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Old 06-08-2005, 10:28 AM   #1
Registered: Jun 2004
Distribution: live cd
Posts: 87

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Question How to protect my dedicated server and websites ?

I want to rent a dedicated server from web hosting company(red hat 9.0,cpanel,lamp)and of course manage 247 services included.but somehow i still need to install 3rd party software,add ons,my choice of software by myself and i never have experience admin linux server.

i want to install webmin,openwebmail,game server script.....cgi.....from ssh ? telnet ? or other way ?
how do i create my personal account from being rooted or better secure method ??to upload files and install them ?

how to protect server from internet cracker and avoid to be hacked ??change contents of websites ?

what is difference from sudo,su,and being rooted account ??how to procure ?

Old 06-08-2005, 11:48 AM   #2
Registered: Jan 2005
Location: Finland
Distribution: Ubuntu, Debian, Gentoo, Slackware
Posts: 827

Rep: Reputation: 31
there is no simple answer to your questions, but Ill try to give you useful ideas.. (:

Dedicated server, all yours I presume? So, do they install the OS for you and keep it in shape, or is that your job? Is Red Hat the distro of your choise (I hope youre not considering 9.0 seriously, its getting realy old you know..), or does the hosting company mandate Red Hat? These are just questions for you to think about and be sure.. (;

When set up, the majority of a linux distro will run fine by itself, aslong as you first set up a decent configuration for them. Red Hat I beleive delivers something like that out of the box, but cant vouch on that. What youll actually be doing, is installing the 3rd party software you need, updating them, and updating your distribution.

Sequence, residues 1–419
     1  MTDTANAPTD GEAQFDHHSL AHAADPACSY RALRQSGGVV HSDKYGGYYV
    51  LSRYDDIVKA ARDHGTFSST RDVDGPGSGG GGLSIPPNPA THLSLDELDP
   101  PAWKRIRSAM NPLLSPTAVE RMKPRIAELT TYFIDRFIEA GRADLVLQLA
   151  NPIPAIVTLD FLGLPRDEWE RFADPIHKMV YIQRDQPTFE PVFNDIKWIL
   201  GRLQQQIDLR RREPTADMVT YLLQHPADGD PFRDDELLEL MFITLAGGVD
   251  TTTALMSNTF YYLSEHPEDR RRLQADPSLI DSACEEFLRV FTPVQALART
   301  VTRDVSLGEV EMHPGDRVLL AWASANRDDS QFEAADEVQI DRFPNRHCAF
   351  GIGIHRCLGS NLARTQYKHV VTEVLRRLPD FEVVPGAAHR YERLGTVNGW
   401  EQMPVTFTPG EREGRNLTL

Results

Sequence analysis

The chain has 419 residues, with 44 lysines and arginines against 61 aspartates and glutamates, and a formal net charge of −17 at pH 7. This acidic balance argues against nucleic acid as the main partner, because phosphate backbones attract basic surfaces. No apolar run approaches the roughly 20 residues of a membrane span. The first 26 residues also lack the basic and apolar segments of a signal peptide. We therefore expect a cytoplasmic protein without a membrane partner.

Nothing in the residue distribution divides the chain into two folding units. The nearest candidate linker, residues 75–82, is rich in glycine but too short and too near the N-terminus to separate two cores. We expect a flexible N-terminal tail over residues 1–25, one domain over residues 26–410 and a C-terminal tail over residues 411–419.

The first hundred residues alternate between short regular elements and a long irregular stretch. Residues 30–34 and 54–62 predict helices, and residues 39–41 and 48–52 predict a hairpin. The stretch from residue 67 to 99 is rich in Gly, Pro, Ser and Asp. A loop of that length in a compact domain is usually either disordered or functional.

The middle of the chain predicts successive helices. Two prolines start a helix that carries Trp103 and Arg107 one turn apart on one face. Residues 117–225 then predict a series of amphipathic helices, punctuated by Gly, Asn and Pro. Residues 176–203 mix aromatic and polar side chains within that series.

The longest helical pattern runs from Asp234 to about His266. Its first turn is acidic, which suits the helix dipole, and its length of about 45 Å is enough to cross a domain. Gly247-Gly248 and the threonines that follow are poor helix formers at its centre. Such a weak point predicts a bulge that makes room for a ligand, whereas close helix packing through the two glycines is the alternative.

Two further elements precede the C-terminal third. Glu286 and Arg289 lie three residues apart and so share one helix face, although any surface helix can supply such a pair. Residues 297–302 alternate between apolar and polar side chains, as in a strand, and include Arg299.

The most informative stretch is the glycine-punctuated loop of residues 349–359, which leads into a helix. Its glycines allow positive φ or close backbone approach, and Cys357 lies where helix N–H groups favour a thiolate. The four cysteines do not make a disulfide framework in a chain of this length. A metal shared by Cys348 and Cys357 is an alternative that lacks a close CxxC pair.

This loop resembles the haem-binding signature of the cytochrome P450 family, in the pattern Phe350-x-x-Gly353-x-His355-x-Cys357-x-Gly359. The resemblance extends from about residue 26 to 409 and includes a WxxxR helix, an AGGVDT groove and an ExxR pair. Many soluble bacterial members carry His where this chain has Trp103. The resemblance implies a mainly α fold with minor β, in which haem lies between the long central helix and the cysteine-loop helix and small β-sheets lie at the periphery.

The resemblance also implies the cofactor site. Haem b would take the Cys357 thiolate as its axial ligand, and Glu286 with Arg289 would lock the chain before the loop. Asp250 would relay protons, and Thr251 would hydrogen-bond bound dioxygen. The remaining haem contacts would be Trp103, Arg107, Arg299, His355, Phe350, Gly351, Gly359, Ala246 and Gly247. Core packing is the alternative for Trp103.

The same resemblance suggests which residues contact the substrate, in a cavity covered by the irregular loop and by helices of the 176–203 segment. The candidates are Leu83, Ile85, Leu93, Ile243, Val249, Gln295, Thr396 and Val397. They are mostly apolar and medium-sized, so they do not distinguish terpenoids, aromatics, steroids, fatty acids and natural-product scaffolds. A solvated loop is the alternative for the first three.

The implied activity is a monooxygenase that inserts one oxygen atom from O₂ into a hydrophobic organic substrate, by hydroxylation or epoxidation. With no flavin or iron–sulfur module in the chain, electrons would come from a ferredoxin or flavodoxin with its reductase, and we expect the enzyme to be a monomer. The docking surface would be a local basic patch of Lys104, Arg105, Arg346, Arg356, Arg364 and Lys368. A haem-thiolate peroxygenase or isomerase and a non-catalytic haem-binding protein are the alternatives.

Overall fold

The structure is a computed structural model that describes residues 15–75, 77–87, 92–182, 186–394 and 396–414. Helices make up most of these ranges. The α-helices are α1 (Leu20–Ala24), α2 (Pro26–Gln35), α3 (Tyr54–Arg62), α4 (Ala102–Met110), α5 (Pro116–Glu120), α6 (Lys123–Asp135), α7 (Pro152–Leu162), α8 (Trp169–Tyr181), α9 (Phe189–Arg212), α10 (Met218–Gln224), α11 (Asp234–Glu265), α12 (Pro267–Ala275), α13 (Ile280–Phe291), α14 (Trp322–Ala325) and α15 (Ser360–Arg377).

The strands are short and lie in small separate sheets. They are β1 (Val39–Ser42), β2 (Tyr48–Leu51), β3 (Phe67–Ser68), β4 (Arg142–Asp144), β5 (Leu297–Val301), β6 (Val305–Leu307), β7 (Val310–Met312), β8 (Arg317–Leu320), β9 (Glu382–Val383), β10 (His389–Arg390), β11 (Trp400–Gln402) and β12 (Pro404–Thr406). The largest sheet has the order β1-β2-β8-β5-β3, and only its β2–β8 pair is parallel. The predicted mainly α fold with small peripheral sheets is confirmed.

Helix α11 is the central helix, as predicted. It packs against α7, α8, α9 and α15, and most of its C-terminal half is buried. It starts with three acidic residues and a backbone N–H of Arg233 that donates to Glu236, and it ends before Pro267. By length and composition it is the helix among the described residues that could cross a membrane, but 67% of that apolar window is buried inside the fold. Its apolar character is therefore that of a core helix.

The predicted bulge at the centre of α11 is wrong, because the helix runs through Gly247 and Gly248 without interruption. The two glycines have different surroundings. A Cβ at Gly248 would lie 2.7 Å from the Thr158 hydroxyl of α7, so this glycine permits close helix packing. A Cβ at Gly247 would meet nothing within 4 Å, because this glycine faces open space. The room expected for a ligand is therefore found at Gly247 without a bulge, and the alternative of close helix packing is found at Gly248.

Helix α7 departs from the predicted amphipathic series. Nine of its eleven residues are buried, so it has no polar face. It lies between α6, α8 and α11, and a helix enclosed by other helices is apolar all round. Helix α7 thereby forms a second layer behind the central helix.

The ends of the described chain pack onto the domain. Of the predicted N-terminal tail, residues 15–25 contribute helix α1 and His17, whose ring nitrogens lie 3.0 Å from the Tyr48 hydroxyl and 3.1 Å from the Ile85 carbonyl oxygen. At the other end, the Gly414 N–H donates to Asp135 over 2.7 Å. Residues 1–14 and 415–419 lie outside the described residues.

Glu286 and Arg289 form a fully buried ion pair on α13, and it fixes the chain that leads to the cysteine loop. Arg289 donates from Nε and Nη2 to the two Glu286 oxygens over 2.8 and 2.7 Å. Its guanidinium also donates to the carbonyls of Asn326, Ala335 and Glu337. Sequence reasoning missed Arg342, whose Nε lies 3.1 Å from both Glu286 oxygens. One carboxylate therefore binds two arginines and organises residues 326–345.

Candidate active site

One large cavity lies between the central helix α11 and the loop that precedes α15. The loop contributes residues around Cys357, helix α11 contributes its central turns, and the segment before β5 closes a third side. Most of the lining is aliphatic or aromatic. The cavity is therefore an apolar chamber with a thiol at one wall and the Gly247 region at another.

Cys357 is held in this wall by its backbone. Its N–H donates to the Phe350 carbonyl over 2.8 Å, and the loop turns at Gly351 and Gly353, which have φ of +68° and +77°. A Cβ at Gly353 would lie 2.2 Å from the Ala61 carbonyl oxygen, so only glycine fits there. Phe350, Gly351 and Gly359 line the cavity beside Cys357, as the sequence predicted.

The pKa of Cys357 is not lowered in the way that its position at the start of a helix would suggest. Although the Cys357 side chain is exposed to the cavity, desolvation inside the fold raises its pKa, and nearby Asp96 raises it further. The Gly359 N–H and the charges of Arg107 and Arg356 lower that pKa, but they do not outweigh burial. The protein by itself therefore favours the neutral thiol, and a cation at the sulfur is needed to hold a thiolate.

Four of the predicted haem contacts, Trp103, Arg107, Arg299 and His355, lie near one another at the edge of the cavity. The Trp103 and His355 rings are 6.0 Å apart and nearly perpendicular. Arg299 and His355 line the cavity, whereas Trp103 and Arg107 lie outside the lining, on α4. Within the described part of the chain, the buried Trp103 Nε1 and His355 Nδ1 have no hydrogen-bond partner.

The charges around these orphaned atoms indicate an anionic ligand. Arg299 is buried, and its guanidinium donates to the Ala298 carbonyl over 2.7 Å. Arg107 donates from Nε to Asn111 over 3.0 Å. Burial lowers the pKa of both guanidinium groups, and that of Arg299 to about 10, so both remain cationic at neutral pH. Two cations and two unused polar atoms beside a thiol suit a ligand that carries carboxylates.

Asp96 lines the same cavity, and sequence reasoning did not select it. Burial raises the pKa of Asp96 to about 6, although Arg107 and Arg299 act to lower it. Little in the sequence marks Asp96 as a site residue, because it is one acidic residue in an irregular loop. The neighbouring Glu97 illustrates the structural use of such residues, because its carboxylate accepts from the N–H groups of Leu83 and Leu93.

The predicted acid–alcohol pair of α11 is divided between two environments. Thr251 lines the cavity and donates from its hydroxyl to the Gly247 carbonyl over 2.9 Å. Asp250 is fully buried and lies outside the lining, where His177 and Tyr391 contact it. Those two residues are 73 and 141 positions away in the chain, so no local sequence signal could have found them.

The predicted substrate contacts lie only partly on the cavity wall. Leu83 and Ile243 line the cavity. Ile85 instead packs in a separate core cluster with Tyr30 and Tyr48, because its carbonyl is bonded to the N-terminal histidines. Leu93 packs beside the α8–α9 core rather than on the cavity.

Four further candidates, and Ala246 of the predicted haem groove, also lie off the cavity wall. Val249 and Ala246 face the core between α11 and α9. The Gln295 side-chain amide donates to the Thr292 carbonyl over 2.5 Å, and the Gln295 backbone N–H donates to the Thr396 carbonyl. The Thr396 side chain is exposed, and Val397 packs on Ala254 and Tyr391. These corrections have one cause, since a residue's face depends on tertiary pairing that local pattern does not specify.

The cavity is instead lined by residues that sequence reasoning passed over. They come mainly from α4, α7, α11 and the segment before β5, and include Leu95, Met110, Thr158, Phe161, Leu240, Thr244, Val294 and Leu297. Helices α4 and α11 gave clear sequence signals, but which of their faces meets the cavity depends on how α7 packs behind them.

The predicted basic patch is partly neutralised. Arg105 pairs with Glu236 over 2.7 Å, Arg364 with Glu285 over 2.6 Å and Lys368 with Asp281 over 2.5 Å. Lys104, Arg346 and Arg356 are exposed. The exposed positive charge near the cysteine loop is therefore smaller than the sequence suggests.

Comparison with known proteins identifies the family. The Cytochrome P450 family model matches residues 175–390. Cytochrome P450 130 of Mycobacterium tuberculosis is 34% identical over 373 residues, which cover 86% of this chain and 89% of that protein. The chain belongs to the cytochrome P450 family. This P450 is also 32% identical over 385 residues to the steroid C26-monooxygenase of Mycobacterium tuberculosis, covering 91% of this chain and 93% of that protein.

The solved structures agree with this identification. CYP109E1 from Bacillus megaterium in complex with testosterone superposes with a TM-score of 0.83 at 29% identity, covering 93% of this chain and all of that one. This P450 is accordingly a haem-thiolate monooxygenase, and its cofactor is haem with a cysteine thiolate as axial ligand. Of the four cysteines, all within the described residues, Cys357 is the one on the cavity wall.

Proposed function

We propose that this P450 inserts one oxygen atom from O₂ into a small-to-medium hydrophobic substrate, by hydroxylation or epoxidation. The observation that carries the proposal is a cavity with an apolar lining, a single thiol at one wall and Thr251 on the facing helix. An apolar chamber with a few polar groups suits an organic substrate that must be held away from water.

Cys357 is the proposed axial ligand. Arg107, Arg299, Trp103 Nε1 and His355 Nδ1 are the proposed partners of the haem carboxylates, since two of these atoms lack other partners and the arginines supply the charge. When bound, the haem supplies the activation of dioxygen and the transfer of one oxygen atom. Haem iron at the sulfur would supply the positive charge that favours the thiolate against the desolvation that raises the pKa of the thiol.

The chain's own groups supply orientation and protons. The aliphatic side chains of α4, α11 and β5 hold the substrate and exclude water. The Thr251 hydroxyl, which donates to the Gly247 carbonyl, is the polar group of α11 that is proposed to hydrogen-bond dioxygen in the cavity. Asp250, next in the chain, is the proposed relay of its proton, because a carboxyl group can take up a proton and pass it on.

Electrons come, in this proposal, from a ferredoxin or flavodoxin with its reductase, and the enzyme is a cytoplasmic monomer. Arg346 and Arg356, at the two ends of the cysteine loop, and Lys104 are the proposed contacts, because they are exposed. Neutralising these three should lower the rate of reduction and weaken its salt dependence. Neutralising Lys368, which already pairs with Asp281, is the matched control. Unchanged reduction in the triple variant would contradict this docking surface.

As the server will be out of your physical proximity, the only real way you can admin it is over ssh and webmin. Dont even think about telnet, disable that rightaway. Filetransfers you can do over secure shell copy (scp) or ftp (not recommended if you want absolute security, if you dont use ftp, disable it, and in so doing, you colose a possible-"great security threat").

"Rooting" is usually used as a term of gaining un-authorized root access (root is the master user of a unix system, basicly can do anything). The only real way to be safe from it, is to keep your system updated. If its very important to you, keep track of security sites like secunia.. If you see a vunerability that affects your software, update to a newer version or patch it.

Seriously, the most important thing, is to be up to date. That means, you dont have Red Hat 9 on a machiner, but instead RHEL 4 or Fedora Core 3, or any other newer linux distribution like Slackware 10.1 or Debian 3.1.. Newer packages have older issues fixed, thus giving you protection against that vunerability. Simple, aint it? (:

And then the different commands. 'su' comes from either Switch User or Super User, its an ongoing dispute which it is (switch user prolly.. (;). In practice it is a command you use to switch from user to another. (doh) Heres an example that will clarify:
artanicus@mymachine $ su
[enter root password]
root@mymachine # exit
artanicus@mymachine $ su anotheruser
[anotheruser's password]
anotheruser@mymachine $ su
[enter root password]
root@mymachine # su artanicus
artanicus@mymachine $ echo "See, aint it simple? (;"
edit: alomost forgot to mention. /etc/suauth is a nifty file to restrict who can use su. For eg, this is my restriction line from that file, restricting using 'su' to only the group 'trusted'.

'sudo' is simply put, su do.. So, basicly by giving some users sudo rights to some commands, they can execute those commands as root, with their own password. Sudo is used in some distributions (for eg. Ubuntu) as a sort of replacement for root, to increase security. Sudo is a very large topic, and googling on it will reveal some nifty articles on it if your interested in learning more.

Last edited by Artanicus; 06-08-2005 at 11:52 AM.


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